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Silver Linings

Silver Linings


Postby bernadettewalsh » Wed Jan 15, 2020 4:45 pm

Route description: Beinn Dorain and Beinn an Dothaidh, Bridge of Orchy

Munros included on this walk: Beinn an Dothaidh, Beinn Dorain

Date walked: 06/05/2019

Time taken: 5 hours

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By 7.00am I had pulled myself out of my sleeping bag got dressed and driven to Bridge of Orchy, from my overnight camp at Victoria Bridge. I had also downed a quick cup of coffee and was taking the underpass, beneath the fabulous West Highland Railway, before embarking on the day’s walk. It has to be said that the view ahead didn’t inspire total confidence in the forecast but… I was placing my trust on a blast of wind that would sweep away the cloud, and reveal the sky that had been predicted; they promised dry weather and sunny intervals all day.

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This leap of faith postponed the necessity to don the full waterproof kit, a work of not insignificant manoeuvring. After fifteen minutes however, and much wetter than I needed to be, I admitted defeat and acted out that strange dance unique to hill walkers, pulling on waterproof over trousers. This ritual is usually conducted when there is nothing around to hold onto and give stability. The obvious thing to do is take off the walking boots, slip on the trousers and then replace the walking boots. However, this always seems such a drag. Witness instead, the attempt to get a hulking great walking boot through a small aperture in material while standing on one leg, just as the leggings are doing their own salsa with the wind. Not only does the protracted hop-a-long provide a hugely amusing spectacle but, the actor in this pantomime has - during the ten minute routine - endured a soaking that will keep them wet (inside their waterproofs) for the rest of the day. Inevitably - performance over - rain stops, clouds clear and the promised sun reigns supreme. This bemusing little ceremonial is then reversed and the curious habit will repeat itself throughout the day. Most Munros, worthy of the name, will offer up this tradition all year round, as walkers and weather play a game of catch me if you can, in response to fronts from the Atlantic that assault the hills of western Scotland and totally confound the forecasters.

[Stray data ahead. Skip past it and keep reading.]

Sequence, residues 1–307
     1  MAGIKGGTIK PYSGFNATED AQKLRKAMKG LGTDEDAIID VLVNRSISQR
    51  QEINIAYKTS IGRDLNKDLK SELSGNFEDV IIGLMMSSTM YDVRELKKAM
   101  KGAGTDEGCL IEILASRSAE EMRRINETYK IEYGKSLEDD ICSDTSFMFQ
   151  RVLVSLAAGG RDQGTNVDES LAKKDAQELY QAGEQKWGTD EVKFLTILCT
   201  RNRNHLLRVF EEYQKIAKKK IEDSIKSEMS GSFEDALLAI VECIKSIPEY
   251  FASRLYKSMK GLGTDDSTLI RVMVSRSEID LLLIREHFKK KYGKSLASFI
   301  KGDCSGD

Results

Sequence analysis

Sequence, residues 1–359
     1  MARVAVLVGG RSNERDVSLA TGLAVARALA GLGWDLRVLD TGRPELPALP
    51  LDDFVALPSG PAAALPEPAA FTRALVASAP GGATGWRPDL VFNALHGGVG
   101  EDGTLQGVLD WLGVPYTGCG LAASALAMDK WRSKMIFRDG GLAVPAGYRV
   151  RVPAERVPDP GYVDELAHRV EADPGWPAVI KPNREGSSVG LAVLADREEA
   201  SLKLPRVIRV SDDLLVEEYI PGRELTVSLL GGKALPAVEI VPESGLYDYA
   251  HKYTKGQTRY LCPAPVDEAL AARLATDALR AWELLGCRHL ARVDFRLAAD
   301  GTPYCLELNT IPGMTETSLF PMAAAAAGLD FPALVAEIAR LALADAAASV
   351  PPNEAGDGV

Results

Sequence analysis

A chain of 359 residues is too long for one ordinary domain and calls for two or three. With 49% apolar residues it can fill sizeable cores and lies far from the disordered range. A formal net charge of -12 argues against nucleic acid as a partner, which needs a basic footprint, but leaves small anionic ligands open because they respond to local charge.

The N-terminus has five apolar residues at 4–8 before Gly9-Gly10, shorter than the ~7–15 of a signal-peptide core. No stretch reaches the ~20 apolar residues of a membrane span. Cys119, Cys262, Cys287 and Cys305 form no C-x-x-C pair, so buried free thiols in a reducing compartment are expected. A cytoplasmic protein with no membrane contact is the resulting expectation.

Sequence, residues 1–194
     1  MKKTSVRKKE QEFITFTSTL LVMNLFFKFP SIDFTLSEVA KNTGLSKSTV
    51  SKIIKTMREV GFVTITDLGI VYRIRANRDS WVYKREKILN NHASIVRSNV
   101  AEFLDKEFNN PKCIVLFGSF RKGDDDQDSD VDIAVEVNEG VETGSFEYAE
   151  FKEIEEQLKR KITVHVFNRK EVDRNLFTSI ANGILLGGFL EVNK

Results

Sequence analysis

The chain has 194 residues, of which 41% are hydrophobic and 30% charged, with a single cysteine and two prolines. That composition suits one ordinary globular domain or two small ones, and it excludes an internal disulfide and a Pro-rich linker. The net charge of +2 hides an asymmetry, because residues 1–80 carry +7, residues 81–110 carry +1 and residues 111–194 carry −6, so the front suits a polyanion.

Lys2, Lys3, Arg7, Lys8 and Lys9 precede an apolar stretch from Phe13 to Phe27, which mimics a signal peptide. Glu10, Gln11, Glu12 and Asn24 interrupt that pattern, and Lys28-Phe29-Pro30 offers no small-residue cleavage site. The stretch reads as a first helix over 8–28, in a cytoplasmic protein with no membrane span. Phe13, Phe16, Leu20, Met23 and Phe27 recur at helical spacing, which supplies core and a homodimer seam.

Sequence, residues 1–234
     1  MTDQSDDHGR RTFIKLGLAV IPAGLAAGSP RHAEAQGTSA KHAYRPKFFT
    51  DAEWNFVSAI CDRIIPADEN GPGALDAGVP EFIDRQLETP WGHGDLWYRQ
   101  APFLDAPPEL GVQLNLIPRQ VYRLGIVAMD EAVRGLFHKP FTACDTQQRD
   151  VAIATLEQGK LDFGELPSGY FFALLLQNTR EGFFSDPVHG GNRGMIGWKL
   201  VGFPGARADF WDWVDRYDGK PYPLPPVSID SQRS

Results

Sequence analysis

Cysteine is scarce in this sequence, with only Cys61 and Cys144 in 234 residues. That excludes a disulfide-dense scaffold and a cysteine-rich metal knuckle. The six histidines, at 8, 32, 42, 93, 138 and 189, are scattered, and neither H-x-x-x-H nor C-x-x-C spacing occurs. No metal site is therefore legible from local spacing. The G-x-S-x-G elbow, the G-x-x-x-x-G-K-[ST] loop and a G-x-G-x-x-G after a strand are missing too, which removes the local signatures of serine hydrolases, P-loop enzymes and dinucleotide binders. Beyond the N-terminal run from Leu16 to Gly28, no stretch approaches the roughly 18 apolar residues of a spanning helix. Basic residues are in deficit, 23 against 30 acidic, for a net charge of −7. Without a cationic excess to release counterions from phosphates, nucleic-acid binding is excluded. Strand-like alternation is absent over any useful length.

Having completed today’s little boogie I just couldn’t be bothered to unburden myself of the extra clothing, when it looked like the conjectures might be accurate after all. As I continued, the wet clothing inside my waterproofs met with heat generated by the effort of ascent, so that I carried my own personal sauna up to the ridge, from which to ascend Beinn Dorain and Beinn an Dothaidh.